The Diaries of King Arthur: Part 3

9 Apr

This is part 3 in a series. If you missed out, start here.

INTRO: King Arthur having a breakdown/mid-life crisis is an idea I’ve been kicking around for a couple of years, and now I want to turn it into a screenplay. I’ve started these diaries as way of finding that story and the screenplay’s comedic voice.

WARNING: I know nothing about King Arthur. Oh, and the following may be EXPLICIT at times.

***The Diaries – Cont’d

15 of March, YooL, 605 AD

Good book,

My honor has been most hideously betrayed. I came to you at the behest of my wife (that she-whore of the devil)  and now I come to you to tell you that she hath run off with one of my knights.  Now the distance of Launcelot (that no-dicked bastard with a dogamother) is seen for the guilt it most surely was. I have thrown the marital relationship alchemist sorceress on the fastest ass this side of Rome and beseeched her never to return if she values her hands and eyes.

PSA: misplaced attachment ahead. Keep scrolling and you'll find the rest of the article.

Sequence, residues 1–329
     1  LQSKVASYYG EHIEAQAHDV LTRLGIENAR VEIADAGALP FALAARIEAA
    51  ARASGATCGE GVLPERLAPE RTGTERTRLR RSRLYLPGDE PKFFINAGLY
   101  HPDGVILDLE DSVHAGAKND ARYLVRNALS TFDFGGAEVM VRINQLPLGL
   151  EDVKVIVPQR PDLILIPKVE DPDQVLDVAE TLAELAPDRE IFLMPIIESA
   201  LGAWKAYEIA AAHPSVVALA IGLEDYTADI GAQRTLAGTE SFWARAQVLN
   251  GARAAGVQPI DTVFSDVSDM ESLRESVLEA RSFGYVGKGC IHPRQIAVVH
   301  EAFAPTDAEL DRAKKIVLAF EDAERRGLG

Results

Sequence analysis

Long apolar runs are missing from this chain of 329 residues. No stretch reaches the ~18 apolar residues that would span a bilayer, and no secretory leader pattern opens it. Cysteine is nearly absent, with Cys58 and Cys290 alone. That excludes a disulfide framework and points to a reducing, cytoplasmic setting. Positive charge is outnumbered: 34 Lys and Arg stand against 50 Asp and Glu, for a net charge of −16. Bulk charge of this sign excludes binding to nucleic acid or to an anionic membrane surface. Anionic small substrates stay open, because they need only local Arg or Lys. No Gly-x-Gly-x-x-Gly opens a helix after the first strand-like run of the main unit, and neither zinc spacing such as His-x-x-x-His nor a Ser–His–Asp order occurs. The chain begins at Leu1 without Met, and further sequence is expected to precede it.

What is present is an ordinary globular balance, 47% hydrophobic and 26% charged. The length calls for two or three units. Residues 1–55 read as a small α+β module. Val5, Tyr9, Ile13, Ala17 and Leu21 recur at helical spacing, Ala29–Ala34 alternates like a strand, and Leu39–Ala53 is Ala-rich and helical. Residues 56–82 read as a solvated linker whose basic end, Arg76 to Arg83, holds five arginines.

Is this what I get for trying to create a governing court of equals? Is this how my knights and wife repay me, to make me the cuckold? Perhaps I should have played the tyrant. Perhaps now I will take what women I please and treat all men as dogs!

I should throw you in the fire, book. But I find thy company the only one I can trust.  And oddly comforting. You are my only friend now.

(Editor’s Note (FLD): On the original parchment, there are marks that clearly denote tears.)

Oh lord, I miss her. And my best friend that pigfucker.

I am all alone.

(Editor’s Note (FLD): Ibid.)

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One Response to “The Diaries of King Arthur: Part 3”

  1. Spencer (aka Boombox) August 17, 2010 at 10:48 #

    I have a lot of catching up to do.

    But the crossout of “my best friend” for pigfucker… brilliant. I also love that you write about King Arthur while knowing nothing about King Arthur. Because I find irreverence in certain sanctified areas to be hilarious.

    I think I may have recommended you see “Becket” with Richard Burton and Peter O’Toole. It seems like you’re doing a comedic take on the true nature of “gentlemen” of ancient times.

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